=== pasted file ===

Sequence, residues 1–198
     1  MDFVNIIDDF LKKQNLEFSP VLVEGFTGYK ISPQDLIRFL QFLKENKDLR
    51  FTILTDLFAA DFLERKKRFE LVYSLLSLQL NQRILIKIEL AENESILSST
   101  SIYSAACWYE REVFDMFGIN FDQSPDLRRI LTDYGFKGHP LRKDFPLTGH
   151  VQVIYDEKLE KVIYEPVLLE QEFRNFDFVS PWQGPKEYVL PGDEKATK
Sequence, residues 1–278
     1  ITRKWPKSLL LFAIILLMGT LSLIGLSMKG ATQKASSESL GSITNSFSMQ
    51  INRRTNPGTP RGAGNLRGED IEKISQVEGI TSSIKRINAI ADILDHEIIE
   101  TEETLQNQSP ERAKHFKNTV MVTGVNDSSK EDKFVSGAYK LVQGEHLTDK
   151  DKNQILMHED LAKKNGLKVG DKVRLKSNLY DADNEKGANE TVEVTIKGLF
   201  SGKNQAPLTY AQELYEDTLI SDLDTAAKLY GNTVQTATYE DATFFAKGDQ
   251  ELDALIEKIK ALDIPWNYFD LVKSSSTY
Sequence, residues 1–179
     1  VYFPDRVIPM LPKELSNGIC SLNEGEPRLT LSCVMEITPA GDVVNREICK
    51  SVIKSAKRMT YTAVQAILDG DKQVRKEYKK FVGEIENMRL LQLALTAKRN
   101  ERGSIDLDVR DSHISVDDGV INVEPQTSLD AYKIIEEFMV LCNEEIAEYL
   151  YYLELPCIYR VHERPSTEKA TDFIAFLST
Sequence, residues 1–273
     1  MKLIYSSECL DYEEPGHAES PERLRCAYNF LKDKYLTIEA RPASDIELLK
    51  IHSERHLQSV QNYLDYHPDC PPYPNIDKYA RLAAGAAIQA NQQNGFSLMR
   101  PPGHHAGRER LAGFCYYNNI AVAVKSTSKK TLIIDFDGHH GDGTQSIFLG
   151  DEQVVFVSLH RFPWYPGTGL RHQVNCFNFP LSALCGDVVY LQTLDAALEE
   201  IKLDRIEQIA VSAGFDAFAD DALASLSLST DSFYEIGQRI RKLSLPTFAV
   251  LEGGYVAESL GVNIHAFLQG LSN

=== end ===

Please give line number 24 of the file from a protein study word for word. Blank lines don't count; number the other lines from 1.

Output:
   251  LEGGYVAESL GVNIHAFLQG LSN